End the highway robbery: disrupt car hire

I hired a car this week for the first time in a few years, wondering if things had moved on a bit. I was disappointed. It still feels like venturing into a dark forest inhabited by shady characters, each of them wanting to take money from you for mysterious reasons. Denizens of the industry, someone is going to disrupt car hire.

I was visiting a client in the Cirencester, and rather than spend five hours in a car or trains, I opted to fly from Newcastle to Bristol (one hour) then hire a car to drive the remaining ninety minutes or so. This would take half the time, and cost considerably less than using the train. What could go wrong? I booked my flight, hotel, airport cark parking and car hire, and checked in, all online. So easy! When hiring the car I was faced with the usual list of names of care rental firms all offering apparently the same thing at different prices, so I opted for a name I recognised which came in cheaper than most. They had a mobile app I could use to show my booking, although it did advise me that for this particular trip I would have to print out the voucher (park that thought).

easyJet really is easy, and digital

The flight to Bristol was incident-free. I breezed through security (hand luggage only, and my boarding pass was on my mobile) and onto the plane. As it was the last flight from the airport that evening and I was the last passenger on board, they took off early and we arrived at Bristol an amazing thirty-five minutes after the scheduled departure time. From my front door to Bristol in two hours – result! Now I just needed to pick up the car… but where was the rental firm’s kiosk?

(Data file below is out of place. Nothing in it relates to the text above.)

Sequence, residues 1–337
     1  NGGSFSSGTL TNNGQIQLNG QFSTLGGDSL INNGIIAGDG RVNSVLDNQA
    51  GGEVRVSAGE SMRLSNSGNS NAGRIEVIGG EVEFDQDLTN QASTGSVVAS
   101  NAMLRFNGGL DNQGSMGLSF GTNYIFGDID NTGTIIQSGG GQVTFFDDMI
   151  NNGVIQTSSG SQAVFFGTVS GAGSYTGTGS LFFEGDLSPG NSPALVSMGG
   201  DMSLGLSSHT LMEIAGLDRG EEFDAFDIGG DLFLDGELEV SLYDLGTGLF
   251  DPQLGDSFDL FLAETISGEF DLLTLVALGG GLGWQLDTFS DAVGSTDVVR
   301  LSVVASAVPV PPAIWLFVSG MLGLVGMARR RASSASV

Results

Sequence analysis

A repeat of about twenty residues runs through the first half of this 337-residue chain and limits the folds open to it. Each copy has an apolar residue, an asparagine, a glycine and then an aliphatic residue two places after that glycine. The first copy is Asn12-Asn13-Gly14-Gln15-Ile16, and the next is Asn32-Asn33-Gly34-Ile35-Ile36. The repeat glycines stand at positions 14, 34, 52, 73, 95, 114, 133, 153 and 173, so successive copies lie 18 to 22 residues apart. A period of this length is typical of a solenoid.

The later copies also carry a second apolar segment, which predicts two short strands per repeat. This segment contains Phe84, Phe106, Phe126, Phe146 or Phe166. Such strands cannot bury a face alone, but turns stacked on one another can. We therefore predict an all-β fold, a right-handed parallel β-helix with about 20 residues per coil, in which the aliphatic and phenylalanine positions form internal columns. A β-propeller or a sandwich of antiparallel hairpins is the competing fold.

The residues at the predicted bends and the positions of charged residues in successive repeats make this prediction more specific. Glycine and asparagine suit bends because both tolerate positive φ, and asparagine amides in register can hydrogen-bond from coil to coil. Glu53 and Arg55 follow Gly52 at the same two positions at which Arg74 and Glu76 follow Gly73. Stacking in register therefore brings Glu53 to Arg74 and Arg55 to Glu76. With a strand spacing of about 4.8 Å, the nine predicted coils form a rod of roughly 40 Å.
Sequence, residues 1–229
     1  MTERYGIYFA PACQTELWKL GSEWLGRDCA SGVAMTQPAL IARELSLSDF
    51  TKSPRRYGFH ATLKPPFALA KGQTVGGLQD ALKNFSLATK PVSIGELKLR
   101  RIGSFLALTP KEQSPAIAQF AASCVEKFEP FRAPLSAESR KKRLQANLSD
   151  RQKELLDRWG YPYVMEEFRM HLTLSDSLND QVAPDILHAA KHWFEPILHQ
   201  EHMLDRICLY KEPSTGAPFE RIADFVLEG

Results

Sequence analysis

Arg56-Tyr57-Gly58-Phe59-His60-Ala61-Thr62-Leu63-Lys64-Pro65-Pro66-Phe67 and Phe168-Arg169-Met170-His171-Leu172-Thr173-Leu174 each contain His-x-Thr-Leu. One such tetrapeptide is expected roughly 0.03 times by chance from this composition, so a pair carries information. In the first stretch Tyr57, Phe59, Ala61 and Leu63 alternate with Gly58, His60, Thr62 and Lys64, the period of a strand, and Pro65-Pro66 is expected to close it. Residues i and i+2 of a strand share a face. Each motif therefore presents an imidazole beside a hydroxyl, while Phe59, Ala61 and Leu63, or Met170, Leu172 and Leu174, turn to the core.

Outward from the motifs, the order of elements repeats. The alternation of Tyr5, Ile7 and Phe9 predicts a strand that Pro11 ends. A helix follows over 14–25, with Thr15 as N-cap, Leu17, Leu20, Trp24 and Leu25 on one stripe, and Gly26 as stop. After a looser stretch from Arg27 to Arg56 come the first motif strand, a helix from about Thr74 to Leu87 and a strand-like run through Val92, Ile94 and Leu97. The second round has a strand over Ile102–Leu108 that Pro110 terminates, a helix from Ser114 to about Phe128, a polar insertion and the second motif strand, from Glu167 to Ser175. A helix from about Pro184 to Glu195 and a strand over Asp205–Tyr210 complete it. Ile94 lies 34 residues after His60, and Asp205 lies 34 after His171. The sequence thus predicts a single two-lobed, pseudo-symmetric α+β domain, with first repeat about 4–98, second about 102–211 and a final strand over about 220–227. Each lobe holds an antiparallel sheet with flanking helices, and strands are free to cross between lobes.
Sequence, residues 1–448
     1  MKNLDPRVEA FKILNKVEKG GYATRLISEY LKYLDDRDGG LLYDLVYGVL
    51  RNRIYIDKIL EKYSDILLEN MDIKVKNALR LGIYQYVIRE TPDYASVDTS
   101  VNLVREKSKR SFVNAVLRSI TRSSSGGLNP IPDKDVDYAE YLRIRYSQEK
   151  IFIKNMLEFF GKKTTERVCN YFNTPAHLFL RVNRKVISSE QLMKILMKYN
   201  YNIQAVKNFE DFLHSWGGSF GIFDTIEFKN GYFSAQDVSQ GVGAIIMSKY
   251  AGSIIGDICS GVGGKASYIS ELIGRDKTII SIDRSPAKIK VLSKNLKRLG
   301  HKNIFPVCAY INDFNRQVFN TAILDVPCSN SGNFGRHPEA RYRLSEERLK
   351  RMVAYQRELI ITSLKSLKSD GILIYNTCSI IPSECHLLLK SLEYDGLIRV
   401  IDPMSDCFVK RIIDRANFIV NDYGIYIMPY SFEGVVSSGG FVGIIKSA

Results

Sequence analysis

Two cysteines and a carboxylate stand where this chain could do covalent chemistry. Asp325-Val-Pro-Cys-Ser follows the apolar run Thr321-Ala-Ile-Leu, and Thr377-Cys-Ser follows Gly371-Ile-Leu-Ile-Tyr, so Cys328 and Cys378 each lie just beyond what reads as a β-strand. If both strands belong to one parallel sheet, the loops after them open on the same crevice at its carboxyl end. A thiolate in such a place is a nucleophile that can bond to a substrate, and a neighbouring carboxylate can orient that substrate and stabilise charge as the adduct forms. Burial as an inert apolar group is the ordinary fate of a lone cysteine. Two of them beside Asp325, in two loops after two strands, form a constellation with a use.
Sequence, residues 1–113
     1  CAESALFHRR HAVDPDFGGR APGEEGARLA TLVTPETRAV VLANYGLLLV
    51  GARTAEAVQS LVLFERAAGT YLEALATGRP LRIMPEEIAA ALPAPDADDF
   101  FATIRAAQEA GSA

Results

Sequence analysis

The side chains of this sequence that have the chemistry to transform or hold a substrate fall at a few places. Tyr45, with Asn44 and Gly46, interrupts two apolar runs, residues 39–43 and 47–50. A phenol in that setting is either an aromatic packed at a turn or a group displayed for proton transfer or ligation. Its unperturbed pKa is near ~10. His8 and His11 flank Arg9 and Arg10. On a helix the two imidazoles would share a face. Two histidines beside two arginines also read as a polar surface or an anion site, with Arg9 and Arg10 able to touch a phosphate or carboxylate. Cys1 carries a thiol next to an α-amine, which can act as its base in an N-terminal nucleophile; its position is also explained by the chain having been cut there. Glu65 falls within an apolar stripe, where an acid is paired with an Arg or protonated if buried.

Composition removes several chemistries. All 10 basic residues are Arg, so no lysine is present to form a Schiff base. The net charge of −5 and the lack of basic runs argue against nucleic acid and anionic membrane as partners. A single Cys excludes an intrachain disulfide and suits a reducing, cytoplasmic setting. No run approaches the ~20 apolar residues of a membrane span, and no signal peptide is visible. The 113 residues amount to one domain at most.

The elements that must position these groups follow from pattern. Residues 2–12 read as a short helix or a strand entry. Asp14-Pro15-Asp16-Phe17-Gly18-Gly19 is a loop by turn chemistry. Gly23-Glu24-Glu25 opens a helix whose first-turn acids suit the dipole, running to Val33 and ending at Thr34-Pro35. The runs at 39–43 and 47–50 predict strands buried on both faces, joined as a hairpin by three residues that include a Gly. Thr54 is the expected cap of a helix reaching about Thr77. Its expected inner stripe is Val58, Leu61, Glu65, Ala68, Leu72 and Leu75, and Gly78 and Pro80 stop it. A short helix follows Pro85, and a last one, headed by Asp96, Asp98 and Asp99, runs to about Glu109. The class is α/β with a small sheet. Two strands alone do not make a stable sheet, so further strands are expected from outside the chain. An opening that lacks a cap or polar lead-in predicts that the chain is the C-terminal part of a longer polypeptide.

The voucher advised me to call a number… It turned out that the rental firm was not actually at the airport but near it, and they would send a shuttle bus to pick me up. Sigh. Ten minutes later a car arrived and picked me up, drove past the hotel I was staying in, and a mile or so to the rental firm’s cabin.

After waiting for other customers work through a complicated-looking transaction involving bits of paper, it was my turn. I was apparently supposed to have brought my DVLA code to prove I had no motoring convictions (luckily I could obtain it on my phone, because the DVLA is quite digital these days).

Here come the stings

They then asked me for a damage deposit of £1,500; although I had paid for full insurance, if I had an accident then I would have to fork out and claim back from the insurance. I didn’t fancy handing over this amount of money to two blokes in a shed, so I caved in and paid £35 for a ‘waiver’, i.e. to insure the same thing again.

Finally, there was a fee of 30p per mile for every miles over 100. If I wanted to avoid this, I could pay another fee for unlimited miles. This despite the fact that I had to pay for all the fuel I used anyway.